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Posted 07 June 2014 - 09:53 PM

The Millepieds arrive in Los Angeles, with baby and bodyguard.

With Benjamin having been announced last year to take over the position of director of the Paris Opera Ballet in the fall of 2014, the pair have relocated to the City of Love with their young son.

 

However, they split their time between France and the States when a movie role calls for it.

 

 

 



#8 dirac

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Posted 07 June 2014 - 09:59 PM

Reviews of the Birmingham Royal Ballet.

 

The Birmingham Post

The company has brought together three time-honoured ballets by Frederick Ashton under the general heading of “Darkness and Light” and quite frankly the evening was a triumph blending Ashton’s genius with some splendid company dancing.

 

Dante Sonata is a stunning piece reflecting the anguish of Britain in wartime....

 

 

The New York Times

 

The work, given committed performances from the Birmingham dancers, still feels powerful. There are astonishing moments, notably a frenzied solo in which one of the principal women in white (Elisha Willis, excellent), runs wildly, whiplashing her upper body and head and throwing her arms to the sides. The seething groupings, the allegorical resonances feel vividly poetic. What is missing, perhaps, is the deep emotion felt by audiences of that era. Something about the symbolic aspect of “Dante Sonata” makes the ballet feel unmistakably of its time. Nonetheless, it’s still a revelation of a little-known side of Ashton’s work.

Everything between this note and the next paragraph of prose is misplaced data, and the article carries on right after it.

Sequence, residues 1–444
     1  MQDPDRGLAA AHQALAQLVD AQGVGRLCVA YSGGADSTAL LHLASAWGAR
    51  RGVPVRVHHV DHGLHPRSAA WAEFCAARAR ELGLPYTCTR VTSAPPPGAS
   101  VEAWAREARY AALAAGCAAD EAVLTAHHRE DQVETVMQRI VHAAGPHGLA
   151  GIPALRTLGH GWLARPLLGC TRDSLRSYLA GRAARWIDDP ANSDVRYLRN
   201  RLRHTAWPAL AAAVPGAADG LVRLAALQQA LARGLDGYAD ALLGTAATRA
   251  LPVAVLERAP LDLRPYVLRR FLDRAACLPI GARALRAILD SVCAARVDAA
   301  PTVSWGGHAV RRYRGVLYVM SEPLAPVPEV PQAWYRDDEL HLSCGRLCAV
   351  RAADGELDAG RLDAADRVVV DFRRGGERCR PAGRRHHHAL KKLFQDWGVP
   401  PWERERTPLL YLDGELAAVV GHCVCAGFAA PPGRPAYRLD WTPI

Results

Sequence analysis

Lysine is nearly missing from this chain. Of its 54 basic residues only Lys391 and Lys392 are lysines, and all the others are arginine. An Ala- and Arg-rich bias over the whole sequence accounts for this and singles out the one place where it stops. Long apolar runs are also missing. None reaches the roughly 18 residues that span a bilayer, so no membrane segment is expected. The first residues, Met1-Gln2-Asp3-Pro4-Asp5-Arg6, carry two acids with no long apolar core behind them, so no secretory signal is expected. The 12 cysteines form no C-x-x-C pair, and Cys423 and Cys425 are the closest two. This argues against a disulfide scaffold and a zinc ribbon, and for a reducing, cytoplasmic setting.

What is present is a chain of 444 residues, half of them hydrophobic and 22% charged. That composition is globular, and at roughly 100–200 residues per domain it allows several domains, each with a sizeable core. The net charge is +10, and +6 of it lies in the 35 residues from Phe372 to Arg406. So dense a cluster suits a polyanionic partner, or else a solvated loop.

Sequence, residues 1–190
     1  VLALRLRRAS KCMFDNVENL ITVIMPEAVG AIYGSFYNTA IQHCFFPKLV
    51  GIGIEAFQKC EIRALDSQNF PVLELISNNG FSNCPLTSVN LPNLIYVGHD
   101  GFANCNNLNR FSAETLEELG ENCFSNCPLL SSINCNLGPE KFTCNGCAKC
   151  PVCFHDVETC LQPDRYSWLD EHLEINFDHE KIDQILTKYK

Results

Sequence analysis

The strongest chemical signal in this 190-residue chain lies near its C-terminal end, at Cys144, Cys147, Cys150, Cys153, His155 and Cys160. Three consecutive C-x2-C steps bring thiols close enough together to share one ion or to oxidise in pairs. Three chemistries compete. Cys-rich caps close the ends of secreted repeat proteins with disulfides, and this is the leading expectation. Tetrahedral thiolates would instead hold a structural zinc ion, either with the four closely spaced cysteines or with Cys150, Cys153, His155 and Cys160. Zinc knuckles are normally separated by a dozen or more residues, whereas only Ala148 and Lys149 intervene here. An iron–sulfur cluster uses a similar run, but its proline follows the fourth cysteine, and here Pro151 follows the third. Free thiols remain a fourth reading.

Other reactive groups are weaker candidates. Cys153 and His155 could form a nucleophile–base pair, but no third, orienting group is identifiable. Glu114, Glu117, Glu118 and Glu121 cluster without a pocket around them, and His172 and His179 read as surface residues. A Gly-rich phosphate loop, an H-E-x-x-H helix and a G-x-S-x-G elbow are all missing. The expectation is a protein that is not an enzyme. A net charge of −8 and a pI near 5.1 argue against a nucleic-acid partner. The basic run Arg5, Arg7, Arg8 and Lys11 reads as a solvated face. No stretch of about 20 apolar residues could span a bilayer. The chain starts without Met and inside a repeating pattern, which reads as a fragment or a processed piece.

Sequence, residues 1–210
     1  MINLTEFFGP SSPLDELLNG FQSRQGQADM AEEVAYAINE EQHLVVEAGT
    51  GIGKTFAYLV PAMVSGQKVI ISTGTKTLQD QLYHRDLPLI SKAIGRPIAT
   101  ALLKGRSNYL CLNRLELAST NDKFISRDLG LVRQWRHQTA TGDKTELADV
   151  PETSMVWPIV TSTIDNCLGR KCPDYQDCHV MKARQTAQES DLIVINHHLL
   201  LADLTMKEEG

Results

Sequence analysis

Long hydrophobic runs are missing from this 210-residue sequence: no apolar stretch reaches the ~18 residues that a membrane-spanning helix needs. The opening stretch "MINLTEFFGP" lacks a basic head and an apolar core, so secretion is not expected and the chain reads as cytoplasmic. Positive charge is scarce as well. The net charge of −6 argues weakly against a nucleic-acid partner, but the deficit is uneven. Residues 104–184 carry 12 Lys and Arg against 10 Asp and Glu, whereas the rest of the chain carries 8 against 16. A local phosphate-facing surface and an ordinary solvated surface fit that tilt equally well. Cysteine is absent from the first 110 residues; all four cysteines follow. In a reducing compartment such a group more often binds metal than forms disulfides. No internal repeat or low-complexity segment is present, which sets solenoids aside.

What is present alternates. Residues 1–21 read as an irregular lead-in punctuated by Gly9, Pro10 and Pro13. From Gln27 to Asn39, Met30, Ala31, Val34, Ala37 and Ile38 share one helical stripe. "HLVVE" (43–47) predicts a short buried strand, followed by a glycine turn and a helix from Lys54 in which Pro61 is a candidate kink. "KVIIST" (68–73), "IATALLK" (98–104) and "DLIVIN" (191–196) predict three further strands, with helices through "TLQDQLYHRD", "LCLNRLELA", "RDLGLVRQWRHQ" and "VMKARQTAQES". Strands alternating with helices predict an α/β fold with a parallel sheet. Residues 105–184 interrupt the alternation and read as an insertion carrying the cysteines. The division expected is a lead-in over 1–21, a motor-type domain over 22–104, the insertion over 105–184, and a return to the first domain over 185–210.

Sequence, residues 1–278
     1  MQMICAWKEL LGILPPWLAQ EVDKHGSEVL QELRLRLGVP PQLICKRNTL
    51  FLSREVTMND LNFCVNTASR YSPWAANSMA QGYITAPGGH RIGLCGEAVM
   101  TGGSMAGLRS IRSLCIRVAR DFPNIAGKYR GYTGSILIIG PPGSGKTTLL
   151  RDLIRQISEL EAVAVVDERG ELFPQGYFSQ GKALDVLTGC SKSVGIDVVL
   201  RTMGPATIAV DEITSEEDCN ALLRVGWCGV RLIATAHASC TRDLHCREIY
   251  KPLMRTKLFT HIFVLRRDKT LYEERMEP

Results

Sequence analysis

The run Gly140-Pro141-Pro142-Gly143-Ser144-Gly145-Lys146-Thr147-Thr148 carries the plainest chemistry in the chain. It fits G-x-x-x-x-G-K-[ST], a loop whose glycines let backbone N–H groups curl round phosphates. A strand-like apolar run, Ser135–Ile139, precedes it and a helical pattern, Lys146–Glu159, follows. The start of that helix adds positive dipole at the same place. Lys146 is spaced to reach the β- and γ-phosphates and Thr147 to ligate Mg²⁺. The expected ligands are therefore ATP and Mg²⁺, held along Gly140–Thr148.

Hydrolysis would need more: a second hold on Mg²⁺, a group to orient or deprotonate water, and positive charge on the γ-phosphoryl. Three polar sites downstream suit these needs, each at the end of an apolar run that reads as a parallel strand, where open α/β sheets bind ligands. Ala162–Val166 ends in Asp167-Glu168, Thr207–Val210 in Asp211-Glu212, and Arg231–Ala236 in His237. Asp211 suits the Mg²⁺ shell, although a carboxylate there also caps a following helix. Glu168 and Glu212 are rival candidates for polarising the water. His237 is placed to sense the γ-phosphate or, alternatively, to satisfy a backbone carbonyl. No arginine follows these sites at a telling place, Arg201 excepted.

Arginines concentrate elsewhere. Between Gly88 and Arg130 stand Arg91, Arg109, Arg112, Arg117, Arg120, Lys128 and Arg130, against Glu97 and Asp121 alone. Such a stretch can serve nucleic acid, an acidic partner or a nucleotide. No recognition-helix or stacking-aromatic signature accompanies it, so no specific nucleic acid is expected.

#9 dirac

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Posted 07 June 2014 - 10:02 PM

A roundup of critical reactions to the Royal Ballet's new mixed bill in The Week.

 

The programme features two beloved revivals, says Debra Craine in The Times. It starts with Ashton's The Dream, which looks and sounds a treat, and ends in high spirits with a chance for the Royal Ballet dancers to be silly in the slapstick Concert.

 

 



#10 dirac

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Posted 22 June 2014 - 04:50 PM

A Danish ballet student makes a splash on Chinese television.

 

Millions of Chinese fans then took to the internet in a bid to find out more about the Struer dancer they dubbed the ‘Danish Angel’.

 

“She’s like an angel. She’s more than ‘beautiful’ – my heart melts just looking at her,” purred one commenter on the Chinese social media site Weibo.